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Wednesday, September 19, 2018

NJ Employers Need to Make Room for Those Age 85 and Older in the Workplace

Many employees 80 years and older want to keep working. This is due to an economic necessity as well as a life-style choice. Employers need to recognize the changing demographics of this country and allow their employees age 85 and older to remain employed.

Persons frequently think of the generic class of seniors as those age 65 and older. Today, the most rapidly growing segment of the generic "senior" age group are persons in the more upper end of this senior age group, i.e., those who are age 85 and older. Persons aged 85 and over are the most rapidly growing senior age group in the United States according to the Census Bureau.

Employees Age 85 and Older May be Pressured to Resign

As already reported, the entire population of the United States grew 45 percent between the years 1960 and 1994 as compared to the population growth of those age 65 and older, which rose 100 percent during this same period. However, the most rapidly growing segment of the generic "senior" population, today are persons in the upper end of the senior population, persons who are 85 years of age and older.

Persons Who are 85 Years of Age and Older Are the Most Rapidly Growing Senior Age Group in the United States.

The rate of growth of population aged 85 and older is almost triple that of the rate of growth of the generic class of seniors, i.e., those age 65 and older.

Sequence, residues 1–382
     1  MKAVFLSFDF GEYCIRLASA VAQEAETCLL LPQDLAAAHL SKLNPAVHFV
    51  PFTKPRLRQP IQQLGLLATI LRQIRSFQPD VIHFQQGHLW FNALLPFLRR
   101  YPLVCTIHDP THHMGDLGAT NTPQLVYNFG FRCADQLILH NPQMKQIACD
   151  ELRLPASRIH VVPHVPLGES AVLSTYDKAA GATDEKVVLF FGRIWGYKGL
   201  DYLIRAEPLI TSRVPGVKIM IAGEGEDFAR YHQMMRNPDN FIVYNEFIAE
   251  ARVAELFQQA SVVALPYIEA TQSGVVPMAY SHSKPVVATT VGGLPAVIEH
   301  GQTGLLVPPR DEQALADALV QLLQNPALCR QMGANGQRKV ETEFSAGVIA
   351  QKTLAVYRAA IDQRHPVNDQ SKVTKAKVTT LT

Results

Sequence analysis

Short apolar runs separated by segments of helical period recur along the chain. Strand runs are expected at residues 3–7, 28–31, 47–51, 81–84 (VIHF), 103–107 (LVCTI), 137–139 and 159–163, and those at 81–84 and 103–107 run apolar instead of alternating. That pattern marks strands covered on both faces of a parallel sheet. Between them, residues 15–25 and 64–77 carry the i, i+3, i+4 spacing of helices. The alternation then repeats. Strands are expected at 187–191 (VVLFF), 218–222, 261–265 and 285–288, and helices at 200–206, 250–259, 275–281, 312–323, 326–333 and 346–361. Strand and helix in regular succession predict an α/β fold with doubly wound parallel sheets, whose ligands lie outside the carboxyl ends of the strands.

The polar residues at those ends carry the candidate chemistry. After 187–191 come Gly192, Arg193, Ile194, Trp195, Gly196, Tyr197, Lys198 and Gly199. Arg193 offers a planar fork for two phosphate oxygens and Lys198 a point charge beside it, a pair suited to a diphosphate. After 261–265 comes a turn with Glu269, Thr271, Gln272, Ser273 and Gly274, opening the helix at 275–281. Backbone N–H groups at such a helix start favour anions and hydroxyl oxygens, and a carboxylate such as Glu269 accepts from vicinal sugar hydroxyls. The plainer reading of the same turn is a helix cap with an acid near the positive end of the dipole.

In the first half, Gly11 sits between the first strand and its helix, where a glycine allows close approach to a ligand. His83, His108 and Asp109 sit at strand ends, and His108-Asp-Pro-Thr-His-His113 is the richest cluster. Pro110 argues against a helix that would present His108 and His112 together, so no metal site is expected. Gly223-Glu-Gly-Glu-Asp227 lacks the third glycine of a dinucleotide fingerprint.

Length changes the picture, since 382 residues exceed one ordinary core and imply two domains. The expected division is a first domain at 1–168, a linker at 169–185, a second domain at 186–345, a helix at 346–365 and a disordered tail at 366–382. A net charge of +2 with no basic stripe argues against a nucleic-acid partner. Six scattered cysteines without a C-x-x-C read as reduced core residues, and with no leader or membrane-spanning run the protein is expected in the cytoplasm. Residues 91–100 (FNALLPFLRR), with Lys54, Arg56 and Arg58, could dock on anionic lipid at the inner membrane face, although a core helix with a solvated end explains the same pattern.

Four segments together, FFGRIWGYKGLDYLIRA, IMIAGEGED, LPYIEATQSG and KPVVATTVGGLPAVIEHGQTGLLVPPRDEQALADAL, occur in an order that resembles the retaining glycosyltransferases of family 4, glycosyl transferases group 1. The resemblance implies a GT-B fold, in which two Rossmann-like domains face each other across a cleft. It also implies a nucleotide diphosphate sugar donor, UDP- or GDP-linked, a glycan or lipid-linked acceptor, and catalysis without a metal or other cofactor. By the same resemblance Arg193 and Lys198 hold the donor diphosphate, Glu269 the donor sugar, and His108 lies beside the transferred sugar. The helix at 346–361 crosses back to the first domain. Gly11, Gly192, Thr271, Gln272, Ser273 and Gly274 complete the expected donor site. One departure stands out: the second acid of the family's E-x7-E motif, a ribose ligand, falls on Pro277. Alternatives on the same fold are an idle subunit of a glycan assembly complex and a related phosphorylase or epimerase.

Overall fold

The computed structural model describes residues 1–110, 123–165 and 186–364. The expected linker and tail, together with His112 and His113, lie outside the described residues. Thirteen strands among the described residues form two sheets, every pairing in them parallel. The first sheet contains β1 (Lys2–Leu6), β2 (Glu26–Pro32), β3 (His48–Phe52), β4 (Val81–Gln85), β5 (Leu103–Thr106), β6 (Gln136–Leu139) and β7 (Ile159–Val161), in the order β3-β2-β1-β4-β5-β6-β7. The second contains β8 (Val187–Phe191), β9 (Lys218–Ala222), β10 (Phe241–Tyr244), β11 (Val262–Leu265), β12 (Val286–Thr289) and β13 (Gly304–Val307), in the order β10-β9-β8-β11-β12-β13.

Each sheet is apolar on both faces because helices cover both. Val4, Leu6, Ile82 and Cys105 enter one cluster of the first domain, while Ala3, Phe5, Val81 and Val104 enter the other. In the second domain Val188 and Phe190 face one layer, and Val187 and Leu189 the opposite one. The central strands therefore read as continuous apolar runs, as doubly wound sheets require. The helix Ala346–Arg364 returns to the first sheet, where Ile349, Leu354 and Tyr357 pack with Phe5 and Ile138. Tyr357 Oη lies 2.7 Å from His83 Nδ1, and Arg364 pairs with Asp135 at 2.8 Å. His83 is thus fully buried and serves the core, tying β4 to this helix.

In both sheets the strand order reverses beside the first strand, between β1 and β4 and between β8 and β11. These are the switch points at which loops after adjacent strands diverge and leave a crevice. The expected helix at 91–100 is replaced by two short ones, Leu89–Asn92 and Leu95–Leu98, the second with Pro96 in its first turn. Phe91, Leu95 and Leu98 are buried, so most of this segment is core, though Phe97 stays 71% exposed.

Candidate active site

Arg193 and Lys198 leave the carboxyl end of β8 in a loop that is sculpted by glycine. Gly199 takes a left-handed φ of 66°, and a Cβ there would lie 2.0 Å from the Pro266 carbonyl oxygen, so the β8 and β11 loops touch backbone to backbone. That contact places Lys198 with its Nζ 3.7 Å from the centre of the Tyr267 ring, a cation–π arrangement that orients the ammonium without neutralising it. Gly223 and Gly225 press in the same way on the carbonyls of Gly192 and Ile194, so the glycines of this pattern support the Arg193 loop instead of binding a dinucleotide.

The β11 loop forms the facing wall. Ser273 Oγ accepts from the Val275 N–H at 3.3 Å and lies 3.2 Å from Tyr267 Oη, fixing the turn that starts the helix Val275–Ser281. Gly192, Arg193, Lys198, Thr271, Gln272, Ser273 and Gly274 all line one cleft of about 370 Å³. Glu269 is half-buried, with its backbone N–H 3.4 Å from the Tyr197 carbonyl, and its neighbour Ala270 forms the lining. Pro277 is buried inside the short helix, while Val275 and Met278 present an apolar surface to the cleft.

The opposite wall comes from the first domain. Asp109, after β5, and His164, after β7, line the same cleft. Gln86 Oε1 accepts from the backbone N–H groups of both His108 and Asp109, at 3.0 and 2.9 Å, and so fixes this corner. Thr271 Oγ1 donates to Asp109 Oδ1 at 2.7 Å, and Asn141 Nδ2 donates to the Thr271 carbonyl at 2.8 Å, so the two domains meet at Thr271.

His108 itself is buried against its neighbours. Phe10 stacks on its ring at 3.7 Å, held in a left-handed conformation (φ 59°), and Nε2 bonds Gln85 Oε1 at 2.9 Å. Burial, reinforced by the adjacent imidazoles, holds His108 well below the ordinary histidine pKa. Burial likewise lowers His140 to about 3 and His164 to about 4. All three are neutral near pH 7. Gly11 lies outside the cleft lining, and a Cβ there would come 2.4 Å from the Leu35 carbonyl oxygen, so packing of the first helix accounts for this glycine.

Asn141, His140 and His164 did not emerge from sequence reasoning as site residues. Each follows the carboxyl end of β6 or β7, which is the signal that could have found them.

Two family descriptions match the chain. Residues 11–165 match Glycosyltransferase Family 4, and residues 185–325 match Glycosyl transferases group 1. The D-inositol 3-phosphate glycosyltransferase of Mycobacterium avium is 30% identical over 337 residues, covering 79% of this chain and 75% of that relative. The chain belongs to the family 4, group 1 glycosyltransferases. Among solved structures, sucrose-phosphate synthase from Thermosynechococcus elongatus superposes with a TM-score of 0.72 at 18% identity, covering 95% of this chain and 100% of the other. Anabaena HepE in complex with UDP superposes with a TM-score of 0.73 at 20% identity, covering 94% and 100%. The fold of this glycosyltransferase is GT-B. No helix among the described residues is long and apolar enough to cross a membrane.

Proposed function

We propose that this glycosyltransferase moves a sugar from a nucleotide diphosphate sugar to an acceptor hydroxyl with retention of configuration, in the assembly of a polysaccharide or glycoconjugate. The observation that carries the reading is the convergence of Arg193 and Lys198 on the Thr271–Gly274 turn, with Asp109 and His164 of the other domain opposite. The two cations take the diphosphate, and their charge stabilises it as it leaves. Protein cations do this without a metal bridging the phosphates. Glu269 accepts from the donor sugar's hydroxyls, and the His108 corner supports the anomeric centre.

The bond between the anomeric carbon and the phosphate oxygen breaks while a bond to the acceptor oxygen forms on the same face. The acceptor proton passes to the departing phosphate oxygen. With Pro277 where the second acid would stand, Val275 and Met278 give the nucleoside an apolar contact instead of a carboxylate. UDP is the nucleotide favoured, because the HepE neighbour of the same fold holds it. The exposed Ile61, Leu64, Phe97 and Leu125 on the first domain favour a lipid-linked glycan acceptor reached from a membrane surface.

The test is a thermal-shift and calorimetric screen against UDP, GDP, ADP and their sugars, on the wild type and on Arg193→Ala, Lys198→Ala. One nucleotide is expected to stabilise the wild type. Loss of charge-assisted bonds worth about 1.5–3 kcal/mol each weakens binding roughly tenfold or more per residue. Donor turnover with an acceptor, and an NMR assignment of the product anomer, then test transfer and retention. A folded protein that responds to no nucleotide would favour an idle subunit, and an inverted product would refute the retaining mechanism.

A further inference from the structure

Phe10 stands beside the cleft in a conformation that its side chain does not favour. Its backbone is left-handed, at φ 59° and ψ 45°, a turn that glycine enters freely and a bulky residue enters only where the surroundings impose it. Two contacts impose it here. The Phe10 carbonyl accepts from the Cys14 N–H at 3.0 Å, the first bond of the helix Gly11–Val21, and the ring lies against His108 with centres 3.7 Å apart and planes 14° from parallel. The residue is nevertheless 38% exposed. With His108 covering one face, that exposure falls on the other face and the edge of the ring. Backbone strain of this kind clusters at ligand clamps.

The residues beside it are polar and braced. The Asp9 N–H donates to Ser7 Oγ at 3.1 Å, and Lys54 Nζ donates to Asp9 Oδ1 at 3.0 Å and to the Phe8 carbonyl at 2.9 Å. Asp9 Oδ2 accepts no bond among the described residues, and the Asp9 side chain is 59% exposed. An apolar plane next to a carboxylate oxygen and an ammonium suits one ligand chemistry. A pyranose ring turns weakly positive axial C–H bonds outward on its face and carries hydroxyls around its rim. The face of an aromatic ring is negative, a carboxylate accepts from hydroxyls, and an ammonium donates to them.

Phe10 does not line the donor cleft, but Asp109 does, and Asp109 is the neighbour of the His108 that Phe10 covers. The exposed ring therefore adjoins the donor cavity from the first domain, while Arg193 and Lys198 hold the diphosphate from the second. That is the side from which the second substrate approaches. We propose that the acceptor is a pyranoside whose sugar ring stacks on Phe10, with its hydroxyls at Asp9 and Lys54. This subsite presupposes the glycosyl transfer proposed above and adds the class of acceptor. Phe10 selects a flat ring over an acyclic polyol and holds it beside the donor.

According to the government's projections, the number of persons in the generic senior population, those age 65 and older, will more than double to 80,000.000 by the year 2050.  By that year, as many as 1 in 5 persons living in the United States could be age 65 and older.

The increase in age demographics is more startling for those in the upper end of the senior population, for those who are age 85 and older. The increase in population of seniors in the United States, age 85 and older numbered 3,000,000 in 1994, but it is projected that persons in the United States who are age 85 and older will number 19,000,000 by 2050. To put it succinctly, seniors 85 and older will make up 24 percent of the generic senior American population by 2050. One in 20 Americans will be 85 and older. Employees age 85 and older may be subjected to inappropriate questions and age bias comments. Employers need to recognize the resulting changing demographics of the workforce and allow for those age 85 and older to remain employed.

In New Jersey, persons filing age discrimination lawsuits can file directly in State Court under the NJLAD without having to first exhaust the time-consuming filing and process of an administrative ADEA claim with an agency.

We all age.

What You Can Do

I am an aggressive and compassionate employment law attorney who is successful in bringing age discrimination lawsuits and recovering money for workers who were subjected to age discrimination. I have successfully represented seniors and octogenarians who were employees of public entities and private employers, who were either terminated or forced out of their employment because of their employer's age bias and was successful in obtaining monetary compensation for them.

If you are being subjected to such unlawful workplace age discrimination, contact Hope A. Lang, Attorney at Law today for a free consultation.

New Jersey employment attorney, Hope A. Lang, Attorney at Law serves clients throughout the state, including Bergen, Middlesex, Essex, Hudson, Monmouth, Ocean, Union, Camden, Passaic, and Morris Counties with locations in Southern, Central, Western and Northern NJ to meet with clients.



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